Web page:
An officially appointed a war artist during the First World War, Paul Nash is mostly known for his memorable surrealist pictures. He also seems to have dabbled in writing and in photography and is acknowledged as having played a key role in modern 20th century English art.
The Menin Road
In 1933 he left London with his wife Margaret Odeh for an extended trip to France, Spain and North Africa during which he visited Gibraltar and took the photographs shown below. All were taken in 1934 and - in my opinion - are only notable because they were taken by him.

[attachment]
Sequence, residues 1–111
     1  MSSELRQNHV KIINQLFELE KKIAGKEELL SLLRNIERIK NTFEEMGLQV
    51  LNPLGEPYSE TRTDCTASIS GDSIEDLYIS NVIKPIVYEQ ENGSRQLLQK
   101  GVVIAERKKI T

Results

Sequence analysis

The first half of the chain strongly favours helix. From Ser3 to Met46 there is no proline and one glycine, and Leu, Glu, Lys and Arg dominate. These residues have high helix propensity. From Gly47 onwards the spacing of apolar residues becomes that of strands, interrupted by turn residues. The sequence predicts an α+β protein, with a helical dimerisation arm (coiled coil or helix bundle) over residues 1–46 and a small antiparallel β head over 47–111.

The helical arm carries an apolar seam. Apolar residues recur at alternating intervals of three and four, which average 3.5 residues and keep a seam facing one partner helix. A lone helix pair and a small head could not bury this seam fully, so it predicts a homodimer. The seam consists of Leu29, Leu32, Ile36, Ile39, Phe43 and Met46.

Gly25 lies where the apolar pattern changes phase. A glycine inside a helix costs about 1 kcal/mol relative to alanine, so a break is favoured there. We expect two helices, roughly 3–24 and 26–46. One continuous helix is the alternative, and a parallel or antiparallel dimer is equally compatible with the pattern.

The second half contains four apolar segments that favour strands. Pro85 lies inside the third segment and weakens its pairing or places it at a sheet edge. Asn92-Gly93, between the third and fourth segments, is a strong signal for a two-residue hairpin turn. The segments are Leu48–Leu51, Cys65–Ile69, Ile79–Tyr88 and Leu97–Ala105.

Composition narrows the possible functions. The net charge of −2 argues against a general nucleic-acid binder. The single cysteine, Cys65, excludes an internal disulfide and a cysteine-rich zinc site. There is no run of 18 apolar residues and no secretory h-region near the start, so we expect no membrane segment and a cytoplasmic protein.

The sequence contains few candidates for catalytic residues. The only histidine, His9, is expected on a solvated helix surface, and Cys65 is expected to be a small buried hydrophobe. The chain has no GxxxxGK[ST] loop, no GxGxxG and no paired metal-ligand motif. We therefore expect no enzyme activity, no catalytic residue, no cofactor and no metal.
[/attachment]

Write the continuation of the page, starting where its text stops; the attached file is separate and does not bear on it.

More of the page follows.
Margaret on a Donkey and Trap
The 'donkey' is a horse and the 'trap' is a typical Gibraltar gharry. The photograph was taken along the road that ran parallel to Eastern Beach. Margaret is Nash's wife Margaret Odeh. The man is Paul Nash himself - I think.
Both are views of the North Face of the Rock as seen from the Neutral Ground near the Spanish border.
Lake and Huts
The 'lake' was the inundation - known locally as 'La Laguna'. The huts were part of isolation units created in the aftermath of the 19th century yellow fever epidemics. (See LINK)
View of Gibraltar from a boat
The boat was the Margarita II - one of the ferry boats connecting Gibraltar to Algeciras just across the bay (See LINK)